Christmas may soon be upon us, but the corporate sector is keeping an eye on several upcoming reports, which will be issued before primary indices close for the Holidays.

This week’s economic calendar includes the release of the latest personal consumption expenditures (PCE) index, the US Federal Reserve’s inflationary measure of choice. A secondary reading on the US gross domestic product (GDP), the most recent housing data, and the Conference Board gauge of consumer confidence are also slated for within the week.

The aforementioned reports are expected to give insights on an issue that has lain heavily on investors’ minds for months: if Fed officials will be hiking interest rates again and whether related policy changes will lead to an economic recession.

Why is the PCE so Important?

Expected for release on Friday, December 23rd, the PCE is this week’s most anticipated data point for the economic community.

The PCE is expected to have risen by 0.1% last month, slightly lower than the 0.3% reported in October. PCE inflation is also expected to have mellowed from 6% to 5.5%.

Meanwhile, the core PCE, which excludes volatile components like food and power, is expected to have climbed by 0.2% in November, with a slightly lower increase of around 4.7% over the year, down from the previously reported 5%.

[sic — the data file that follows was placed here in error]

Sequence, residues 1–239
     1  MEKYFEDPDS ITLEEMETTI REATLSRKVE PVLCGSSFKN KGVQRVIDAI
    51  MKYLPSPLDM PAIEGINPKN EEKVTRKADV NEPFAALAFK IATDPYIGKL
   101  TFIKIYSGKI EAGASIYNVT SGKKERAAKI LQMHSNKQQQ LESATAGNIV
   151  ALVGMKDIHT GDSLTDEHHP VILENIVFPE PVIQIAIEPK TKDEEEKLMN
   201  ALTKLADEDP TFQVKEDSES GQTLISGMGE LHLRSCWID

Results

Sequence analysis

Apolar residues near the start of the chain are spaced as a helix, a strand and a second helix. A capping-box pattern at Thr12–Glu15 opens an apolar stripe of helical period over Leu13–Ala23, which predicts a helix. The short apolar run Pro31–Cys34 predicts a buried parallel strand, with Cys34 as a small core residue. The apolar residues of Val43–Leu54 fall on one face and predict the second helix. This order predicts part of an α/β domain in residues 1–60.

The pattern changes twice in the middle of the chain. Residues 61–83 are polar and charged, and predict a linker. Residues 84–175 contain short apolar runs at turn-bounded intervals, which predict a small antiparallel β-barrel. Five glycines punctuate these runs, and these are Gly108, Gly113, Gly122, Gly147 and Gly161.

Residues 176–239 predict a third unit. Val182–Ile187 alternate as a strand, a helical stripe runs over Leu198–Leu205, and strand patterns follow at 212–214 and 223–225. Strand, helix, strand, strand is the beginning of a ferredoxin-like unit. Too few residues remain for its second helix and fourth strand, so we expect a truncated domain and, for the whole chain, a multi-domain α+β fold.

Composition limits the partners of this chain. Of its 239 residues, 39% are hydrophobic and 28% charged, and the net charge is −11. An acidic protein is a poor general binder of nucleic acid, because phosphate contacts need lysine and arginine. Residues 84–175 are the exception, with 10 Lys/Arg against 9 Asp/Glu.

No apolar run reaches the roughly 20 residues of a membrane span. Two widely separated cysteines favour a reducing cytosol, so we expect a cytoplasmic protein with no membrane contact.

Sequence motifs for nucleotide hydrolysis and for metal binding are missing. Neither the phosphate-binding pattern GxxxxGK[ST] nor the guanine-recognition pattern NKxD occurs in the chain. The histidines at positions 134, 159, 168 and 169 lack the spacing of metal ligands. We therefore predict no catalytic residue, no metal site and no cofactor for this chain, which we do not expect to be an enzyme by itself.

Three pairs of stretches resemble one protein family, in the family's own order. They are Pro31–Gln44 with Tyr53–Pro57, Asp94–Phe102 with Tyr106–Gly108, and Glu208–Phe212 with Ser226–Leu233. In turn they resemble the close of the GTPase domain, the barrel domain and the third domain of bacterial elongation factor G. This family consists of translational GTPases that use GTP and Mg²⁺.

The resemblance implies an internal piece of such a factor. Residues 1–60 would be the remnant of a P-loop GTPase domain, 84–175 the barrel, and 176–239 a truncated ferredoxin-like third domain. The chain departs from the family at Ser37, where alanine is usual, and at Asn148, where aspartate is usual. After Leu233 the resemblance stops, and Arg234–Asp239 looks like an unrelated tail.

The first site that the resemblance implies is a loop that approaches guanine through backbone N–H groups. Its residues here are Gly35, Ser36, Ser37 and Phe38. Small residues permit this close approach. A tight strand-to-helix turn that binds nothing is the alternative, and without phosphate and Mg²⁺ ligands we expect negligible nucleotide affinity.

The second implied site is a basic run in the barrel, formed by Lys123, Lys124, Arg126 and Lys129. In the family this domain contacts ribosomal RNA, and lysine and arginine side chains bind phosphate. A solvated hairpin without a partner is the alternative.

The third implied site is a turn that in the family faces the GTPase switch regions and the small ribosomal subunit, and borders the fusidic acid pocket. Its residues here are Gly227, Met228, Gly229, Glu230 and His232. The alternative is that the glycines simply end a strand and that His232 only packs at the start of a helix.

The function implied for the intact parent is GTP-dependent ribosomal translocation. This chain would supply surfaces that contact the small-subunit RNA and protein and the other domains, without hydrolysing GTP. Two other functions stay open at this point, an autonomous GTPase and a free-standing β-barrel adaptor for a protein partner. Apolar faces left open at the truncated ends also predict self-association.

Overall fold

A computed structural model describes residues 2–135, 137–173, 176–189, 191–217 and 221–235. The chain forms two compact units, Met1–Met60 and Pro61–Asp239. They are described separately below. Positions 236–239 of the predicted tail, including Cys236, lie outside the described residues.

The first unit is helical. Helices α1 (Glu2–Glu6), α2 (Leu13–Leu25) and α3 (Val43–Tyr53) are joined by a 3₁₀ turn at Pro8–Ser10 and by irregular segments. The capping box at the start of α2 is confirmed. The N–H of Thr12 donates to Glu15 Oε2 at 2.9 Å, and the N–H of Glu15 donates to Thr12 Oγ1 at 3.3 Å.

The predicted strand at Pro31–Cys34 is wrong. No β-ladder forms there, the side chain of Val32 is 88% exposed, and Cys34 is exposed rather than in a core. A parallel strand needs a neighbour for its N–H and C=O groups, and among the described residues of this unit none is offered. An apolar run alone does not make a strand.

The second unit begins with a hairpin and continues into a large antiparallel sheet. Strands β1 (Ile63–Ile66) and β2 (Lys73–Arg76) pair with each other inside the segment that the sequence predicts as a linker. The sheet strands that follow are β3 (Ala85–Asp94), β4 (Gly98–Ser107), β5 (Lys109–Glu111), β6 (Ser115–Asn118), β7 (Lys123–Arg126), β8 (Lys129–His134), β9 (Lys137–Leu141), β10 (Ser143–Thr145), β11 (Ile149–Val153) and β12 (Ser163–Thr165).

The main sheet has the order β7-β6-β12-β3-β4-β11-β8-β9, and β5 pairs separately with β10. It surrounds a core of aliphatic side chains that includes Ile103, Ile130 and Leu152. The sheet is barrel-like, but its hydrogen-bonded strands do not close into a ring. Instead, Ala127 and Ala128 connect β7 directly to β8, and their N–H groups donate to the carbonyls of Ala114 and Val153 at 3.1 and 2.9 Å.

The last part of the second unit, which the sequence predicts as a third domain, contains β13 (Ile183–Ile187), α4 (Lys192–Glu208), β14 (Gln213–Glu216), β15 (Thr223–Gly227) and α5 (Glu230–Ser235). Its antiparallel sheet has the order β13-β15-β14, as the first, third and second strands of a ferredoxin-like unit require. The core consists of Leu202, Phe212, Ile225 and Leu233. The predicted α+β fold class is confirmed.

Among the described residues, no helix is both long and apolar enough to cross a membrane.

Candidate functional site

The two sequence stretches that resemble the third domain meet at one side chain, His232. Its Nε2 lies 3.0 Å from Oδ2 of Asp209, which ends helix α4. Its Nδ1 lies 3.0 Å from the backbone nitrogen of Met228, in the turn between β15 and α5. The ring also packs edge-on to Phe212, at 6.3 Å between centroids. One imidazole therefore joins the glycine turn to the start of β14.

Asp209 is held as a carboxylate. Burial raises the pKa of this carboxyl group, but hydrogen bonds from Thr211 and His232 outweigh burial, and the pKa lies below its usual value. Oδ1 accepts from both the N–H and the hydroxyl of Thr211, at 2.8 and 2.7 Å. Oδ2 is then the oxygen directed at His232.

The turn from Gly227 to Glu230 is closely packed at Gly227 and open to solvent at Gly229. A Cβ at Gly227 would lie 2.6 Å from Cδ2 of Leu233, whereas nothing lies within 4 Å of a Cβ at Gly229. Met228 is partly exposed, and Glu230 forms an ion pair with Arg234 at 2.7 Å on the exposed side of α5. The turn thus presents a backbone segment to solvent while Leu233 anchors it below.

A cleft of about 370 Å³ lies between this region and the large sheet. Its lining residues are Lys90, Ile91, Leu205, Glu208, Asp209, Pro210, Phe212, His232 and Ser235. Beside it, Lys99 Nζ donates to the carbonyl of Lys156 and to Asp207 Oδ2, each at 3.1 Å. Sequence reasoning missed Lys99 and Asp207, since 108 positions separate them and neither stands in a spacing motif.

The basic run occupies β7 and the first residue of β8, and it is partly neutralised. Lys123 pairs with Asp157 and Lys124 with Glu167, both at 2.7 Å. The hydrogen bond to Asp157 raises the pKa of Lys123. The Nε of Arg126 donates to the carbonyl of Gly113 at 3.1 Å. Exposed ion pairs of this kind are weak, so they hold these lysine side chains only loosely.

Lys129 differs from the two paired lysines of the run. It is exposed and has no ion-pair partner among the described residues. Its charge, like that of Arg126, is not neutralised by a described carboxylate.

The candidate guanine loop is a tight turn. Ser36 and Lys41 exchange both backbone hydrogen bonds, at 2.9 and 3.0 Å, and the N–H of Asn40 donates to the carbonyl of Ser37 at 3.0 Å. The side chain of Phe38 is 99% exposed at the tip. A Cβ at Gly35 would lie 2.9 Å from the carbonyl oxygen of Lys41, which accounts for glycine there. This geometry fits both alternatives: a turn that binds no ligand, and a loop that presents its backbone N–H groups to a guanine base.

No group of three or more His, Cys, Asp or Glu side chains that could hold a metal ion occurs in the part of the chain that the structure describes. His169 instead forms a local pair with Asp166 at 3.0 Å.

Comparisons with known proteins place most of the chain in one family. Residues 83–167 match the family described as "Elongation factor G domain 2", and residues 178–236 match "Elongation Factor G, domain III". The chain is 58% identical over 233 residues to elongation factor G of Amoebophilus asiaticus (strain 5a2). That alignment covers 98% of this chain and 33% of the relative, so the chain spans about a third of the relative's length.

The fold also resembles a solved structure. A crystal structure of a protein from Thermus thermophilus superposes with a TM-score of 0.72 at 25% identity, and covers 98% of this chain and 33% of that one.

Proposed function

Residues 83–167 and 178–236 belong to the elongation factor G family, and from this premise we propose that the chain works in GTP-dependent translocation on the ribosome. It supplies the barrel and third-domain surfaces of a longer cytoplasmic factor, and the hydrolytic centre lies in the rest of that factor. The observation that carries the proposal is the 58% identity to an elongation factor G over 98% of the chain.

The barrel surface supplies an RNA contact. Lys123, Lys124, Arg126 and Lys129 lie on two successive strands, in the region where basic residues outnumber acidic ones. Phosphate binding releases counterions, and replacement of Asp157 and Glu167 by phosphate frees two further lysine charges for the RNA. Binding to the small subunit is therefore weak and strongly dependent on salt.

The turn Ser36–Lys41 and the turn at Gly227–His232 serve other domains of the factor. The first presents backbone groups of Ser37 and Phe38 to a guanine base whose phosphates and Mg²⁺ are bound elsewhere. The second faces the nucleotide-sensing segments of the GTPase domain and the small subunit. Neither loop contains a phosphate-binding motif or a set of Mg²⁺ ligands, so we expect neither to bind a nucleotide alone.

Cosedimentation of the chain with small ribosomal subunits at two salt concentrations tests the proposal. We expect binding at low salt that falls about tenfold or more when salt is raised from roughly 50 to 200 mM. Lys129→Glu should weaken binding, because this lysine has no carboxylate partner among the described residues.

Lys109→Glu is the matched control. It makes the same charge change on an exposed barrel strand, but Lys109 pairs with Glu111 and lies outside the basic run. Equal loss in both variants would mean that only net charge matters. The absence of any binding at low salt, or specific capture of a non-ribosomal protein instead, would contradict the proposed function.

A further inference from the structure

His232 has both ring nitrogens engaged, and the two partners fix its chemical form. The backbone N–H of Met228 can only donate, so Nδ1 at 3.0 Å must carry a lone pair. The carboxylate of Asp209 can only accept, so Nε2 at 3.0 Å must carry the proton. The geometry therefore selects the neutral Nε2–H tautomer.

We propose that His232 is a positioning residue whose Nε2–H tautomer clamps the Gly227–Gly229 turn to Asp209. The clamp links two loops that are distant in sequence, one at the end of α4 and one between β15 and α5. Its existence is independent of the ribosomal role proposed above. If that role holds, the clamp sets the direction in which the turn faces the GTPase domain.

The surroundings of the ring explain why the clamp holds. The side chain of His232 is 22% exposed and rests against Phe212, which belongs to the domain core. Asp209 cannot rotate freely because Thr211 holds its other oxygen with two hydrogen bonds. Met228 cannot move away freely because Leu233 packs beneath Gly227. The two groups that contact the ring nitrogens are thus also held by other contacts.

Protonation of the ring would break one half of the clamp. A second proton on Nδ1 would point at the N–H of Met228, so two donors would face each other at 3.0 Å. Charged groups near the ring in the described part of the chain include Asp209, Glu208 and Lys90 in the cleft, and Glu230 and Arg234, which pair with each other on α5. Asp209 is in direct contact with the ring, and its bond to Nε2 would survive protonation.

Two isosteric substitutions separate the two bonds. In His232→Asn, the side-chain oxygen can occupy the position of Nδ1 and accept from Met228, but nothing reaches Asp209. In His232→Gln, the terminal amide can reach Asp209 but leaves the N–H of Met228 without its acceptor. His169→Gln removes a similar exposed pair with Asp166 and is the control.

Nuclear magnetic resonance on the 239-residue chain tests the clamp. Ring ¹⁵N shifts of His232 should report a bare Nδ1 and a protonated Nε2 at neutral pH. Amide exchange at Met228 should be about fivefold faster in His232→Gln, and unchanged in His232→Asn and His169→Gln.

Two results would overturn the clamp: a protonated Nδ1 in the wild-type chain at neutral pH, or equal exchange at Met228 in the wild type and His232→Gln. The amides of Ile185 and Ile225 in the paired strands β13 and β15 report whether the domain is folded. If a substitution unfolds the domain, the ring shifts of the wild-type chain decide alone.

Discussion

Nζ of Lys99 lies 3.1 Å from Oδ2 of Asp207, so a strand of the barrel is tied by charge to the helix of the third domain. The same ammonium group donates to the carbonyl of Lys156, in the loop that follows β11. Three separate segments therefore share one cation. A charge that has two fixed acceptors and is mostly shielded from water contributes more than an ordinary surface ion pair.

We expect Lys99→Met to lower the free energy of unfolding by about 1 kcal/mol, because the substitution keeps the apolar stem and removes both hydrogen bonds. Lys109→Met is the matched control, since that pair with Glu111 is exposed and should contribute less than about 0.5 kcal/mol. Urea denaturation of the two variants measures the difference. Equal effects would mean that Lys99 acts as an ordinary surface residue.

Not a Bull, But a Bear in Winter

Traditionally, December on Wall Street is considered the most bullish time of the year for all stock indices. But December 2022 may just be the exception to the rule.

The finance sector kept its fingers crossed for a Santa Claus rally or a sustained rise in the stock market in the last five trading days of the year and the first two of the next. However, it has become unlikely that such a rally will occur.

Indeed, many investors expressed worries that the Fed will keep interest rates higher for a protracted period of time, leading to a serious economic downturn in the new year.

One reason is that the US stock market confirmed back-to-back weekly losses as of Friday, December 16th. The S&P 500 was down by 2.1%, while the Dow Jones Industrial average was pegged at 1.7%. The tech-centric Nasdaq Composite, on the other hand, was down by 2.7%.

This is the first time since September that such losses were reported.